Optimization of incubation conditions of Plasmodium falciparum antibody multiplex assays to measure IgG, IgG1–4, IgM and IgE using standard and customized reference pools for sero-epidemiological and vaccine studies

Free
15 pages
Loading next page...
 
/lp/springer_journal/optimization-of-incubation-conditions-of-plasmodium-falciparum-j7hGWe3uQP
Publisher
BioMed Central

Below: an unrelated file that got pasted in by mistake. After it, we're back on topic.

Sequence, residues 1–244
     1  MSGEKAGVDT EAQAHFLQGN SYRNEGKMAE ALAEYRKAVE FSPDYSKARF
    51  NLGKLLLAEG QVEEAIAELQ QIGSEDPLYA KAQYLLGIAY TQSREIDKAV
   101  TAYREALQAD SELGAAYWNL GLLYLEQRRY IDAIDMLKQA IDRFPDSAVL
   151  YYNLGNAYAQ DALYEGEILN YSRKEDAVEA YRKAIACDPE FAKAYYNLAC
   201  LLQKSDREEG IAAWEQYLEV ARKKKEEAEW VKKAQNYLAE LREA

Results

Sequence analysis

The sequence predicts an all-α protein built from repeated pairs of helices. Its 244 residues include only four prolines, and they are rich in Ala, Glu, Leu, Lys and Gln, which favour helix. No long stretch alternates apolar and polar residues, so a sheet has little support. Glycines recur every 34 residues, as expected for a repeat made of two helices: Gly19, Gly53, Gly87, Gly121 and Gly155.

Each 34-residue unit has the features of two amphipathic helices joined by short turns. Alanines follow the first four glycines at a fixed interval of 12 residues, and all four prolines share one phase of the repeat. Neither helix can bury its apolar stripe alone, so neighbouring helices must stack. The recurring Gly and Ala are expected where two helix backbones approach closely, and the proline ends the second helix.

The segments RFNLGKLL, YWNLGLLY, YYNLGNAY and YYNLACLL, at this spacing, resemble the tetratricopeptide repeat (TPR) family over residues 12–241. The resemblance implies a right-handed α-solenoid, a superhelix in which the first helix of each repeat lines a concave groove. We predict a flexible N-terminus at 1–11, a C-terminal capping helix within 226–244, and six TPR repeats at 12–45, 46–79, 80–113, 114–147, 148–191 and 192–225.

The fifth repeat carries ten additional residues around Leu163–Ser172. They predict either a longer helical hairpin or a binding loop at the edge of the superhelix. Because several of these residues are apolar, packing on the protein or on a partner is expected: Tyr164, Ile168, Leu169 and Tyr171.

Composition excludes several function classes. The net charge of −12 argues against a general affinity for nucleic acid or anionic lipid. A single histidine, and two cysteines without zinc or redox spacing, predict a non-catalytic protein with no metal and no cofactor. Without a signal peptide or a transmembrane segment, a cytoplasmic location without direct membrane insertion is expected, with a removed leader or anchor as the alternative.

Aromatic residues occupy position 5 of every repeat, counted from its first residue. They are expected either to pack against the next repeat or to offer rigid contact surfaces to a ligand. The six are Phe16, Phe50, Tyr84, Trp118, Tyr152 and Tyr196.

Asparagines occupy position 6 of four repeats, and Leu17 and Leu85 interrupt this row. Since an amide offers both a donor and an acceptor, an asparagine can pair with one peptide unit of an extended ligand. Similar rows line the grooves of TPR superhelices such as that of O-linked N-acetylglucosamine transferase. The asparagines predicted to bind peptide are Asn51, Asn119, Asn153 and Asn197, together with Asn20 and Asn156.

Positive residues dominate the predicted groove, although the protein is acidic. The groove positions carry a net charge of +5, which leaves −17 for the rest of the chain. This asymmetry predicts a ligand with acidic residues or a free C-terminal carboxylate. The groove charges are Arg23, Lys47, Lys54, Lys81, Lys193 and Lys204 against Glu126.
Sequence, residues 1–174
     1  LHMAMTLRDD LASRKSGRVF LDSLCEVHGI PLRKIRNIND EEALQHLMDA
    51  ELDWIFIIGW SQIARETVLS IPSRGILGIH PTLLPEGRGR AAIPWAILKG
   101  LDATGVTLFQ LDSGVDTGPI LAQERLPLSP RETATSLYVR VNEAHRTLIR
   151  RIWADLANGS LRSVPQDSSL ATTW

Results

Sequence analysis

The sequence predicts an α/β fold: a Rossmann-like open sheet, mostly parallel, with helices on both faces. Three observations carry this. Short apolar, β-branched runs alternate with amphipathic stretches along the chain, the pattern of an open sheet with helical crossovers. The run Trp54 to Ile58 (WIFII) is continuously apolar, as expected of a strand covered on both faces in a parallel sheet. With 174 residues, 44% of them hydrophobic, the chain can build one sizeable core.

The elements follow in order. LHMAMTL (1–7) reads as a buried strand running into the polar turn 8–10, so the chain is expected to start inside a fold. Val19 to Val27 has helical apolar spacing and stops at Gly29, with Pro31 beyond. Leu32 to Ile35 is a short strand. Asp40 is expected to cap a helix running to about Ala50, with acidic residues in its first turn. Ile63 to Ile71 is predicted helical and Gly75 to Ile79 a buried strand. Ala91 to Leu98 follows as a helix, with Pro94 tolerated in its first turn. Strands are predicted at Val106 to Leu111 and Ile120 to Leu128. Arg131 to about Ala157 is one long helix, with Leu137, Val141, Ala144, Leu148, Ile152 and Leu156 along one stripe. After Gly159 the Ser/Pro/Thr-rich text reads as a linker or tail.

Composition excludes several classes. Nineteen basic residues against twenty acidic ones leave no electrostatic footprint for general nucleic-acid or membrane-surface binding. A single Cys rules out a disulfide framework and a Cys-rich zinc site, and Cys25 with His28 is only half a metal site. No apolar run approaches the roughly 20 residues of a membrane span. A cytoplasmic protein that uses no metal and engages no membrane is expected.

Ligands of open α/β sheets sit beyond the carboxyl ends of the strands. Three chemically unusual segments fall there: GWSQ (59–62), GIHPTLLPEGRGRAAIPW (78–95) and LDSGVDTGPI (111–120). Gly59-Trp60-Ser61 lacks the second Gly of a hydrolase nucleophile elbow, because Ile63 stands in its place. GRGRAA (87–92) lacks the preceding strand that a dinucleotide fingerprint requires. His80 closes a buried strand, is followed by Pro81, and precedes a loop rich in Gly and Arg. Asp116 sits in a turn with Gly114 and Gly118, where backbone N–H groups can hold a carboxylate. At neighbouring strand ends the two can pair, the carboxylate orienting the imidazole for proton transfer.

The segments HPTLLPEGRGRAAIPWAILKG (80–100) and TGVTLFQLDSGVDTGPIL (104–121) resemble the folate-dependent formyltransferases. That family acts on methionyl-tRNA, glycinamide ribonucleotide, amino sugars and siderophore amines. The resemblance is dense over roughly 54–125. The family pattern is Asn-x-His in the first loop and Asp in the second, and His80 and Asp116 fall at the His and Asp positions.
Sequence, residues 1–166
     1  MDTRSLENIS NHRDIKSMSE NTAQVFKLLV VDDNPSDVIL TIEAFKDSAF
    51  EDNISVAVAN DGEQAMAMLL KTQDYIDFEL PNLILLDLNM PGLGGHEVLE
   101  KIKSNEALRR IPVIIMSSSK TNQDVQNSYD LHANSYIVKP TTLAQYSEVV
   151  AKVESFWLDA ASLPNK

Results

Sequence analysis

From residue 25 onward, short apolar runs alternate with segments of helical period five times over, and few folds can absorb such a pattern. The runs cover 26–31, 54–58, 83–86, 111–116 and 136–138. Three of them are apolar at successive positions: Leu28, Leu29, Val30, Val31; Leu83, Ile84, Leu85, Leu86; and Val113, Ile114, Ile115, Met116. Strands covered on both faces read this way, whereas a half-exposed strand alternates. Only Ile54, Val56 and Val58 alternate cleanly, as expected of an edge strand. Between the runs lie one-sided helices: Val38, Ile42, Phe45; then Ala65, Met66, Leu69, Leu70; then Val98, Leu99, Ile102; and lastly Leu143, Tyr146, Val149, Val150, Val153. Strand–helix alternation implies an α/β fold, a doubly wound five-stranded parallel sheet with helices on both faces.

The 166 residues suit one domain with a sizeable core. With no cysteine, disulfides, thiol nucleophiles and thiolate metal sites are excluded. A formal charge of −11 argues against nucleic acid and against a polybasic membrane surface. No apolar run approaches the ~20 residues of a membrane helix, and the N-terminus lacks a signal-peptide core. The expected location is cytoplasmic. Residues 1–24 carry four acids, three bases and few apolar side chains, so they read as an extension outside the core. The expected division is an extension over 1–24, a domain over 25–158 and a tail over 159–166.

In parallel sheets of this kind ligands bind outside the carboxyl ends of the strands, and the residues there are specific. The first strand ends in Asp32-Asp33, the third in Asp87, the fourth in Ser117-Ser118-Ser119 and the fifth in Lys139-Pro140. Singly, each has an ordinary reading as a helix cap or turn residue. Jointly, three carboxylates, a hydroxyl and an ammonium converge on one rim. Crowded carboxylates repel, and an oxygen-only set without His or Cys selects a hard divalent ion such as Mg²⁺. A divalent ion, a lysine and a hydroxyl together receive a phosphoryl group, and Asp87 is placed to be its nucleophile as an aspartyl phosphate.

Copyright
Copyright © 2018 by The Author(s)
Subject
Biomedicine; Parasitology; Tropical Medicine; Infectious Diseases; Entomology; Microbiology; Public Health
eISSN
1475-2875
D.O.I.
10.1186/s12936-018-2369-3
Publisher site
See Article on Publisher Site

Abstract